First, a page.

Schoolyard fights have been around as long as children have been going to school. But officials at two elementary schools in the Donegal School District in Lancaster, Pa., think they may have found the secret to teaching children how to get along: play.
Seiler and Grandview elementary schools combined their students on a recent Monday for “Games Day,” and children in grades 1 to 5 circulated through 10 stations throughout the day at Seiler Elementary School and learned to play games.
It was the second such day sponsored by the school district. The first event was held last year, and school officials say the results have been extraordinary.
“There were no major fights last year and only two incidents of fighting, in general. There were also 600 less injuries last year than the year before,” said Sharon Hagenberger, assistant principal at the schools. “It’s been really beneficial.”
The games program, developed by West Chester University associate professor Curt Hinson, teaches children to play games that include all students, stress cooperation between players, and break down activities into small, manageable groups.
School officials say they have seen a dramatic decrease in playground arguments in the last year. Playground injuries, such as cuts, scrapes and bruises, also have decreased from about 2,500 to 1,900about 25 percent.
“It’s pretty fun,” Jeff Nagle, 10, said of the Games Day events. Nagle, a fifth-grader, said one of his teammates in the Grab-It game cheered with a rousing “Yes!” when their team was doing well. “It was like she wanted me to play,” Nagle said of the moment. “It made me feel included.”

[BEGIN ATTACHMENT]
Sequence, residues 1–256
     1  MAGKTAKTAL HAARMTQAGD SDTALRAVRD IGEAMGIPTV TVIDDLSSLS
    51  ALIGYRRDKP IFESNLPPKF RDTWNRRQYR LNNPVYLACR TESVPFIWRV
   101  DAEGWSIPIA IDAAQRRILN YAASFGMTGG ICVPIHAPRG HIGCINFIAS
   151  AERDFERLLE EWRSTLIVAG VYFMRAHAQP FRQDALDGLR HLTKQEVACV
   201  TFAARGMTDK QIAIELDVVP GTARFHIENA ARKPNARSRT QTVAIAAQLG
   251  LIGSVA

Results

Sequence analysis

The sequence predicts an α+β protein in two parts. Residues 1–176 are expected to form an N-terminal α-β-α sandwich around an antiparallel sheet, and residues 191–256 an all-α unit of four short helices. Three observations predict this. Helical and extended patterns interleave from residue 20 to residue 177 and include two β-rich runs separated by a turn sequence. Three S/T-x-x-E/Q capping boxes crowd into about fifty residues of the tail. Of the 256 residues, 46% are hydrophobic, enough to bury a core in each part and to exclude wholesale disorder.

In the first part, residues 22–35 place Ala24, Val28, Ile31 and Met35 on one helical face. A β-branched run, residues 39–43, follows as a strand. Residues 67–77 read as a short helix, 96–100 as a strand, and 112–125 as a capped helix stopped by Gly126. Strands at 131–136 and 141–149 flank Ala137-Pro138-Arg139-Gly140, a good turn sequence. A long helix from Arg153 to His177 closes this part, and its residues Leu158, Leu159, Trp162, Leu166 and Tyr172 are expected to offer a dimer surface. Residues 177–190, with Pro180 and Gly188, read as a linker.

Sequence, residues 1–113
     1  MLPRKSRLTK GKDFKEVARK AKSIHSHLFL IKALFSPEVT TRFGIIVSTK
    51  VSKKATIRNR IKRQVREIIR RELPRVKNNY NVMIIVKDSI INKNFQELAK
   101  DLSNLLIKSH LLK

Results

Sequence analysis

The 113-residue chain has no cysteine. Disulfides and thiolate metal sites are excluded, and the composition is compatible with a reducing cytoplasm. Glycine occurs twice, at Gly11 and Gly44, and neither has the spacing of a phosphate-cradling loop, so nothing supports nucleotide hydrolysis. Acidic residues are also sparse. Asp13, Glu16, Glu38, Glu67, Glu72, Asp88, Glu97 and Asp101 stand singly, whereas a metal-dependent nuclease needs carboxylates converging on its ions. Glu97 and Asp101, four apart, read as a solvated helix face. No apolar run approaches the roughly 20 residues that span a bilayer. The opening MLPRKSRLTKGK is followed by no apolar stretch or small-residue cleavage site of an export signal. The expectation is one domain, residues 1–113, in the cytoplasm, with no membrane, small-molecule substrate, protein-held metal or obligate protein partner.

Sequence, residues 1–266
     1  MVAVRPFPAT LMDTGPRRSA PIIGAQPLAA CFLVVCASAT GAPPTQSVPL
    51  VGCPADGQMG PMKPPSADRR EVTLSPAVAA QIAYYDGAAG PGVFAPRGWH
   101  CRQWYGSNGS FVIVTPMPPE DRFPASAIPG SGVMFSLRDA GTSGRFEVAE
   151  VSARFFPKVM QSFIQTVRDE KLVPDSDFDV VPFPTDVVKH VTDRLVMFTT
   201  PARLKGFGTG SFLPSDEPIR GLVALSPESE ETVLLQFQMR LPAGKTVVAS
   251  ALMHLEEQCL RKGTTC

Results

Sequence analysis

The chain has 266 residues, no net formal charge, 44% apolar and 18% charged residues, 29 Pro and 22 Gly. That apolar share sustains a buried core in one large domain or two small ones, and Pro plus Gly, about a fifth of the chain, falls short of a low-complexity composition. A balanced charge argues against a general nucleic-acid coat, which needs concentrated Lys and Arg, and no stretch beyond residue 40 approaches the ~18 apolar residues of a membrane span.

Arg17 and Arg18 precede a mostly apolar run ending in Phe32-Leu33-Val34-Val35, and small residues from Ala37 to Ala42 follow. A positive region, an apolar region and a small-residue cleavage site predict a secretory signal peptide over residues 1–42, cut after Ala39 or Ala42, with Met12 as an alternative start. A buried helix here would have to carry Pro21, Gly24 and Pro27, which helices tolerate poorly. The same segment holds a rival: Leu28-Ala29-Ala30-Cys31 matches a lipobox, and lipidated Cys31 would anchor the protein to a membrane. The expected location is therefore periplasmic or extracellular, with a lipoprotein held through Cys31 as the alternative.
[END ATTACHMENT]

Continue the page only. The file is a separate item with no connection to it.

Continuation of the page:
Almost anyone can relate to not being picked for the school softball team or being the last chosen for basketball. “It makes you feel like people don’t like you,” said 11-year-old Carolyn Oberholtzer, a Seiler student.
But, Oberholtzer said, the focus of the Games Day program is to illustrate that everyone has something to contribute to a game. “It teaches us good sportsmanship, and we have to be able to cooperate to play properly,” she said.
Brenda Spayd, the Grandview Parent-Teacher Group president who also was helping with the day’s events, said the games foster goodwill. “The competition isn’t all about winning. They are having fun, too,” she said.
Mary Lynam, guidance counselor for both schools, and Sherrie Witmer, physical education teacher at Seiler, wrote the $500 grant application to bring the Games Day program to the schools.
“The kids weren’t playing safe. They were just being unsportsmanlike,” Witmer said. Why should children have the need to learn to play? “Most kids nowadays are either into group sports or TV and video games and computers,” Lynam said.
“Parents have very different schedules today, too,” Witmer said. “Therefore, games have actually gotten lost,” Lynam said. “We’re just bringing them back.”
Group launches teen dating violence awareness campaign
Health teacher Beverly Hoag added domestic violence to the curriculum at Toll Gate High School in Warwick, R.I., 10 years ago and soon knew she’d touched on a subject that resonated with students, but one they had trouble talking about.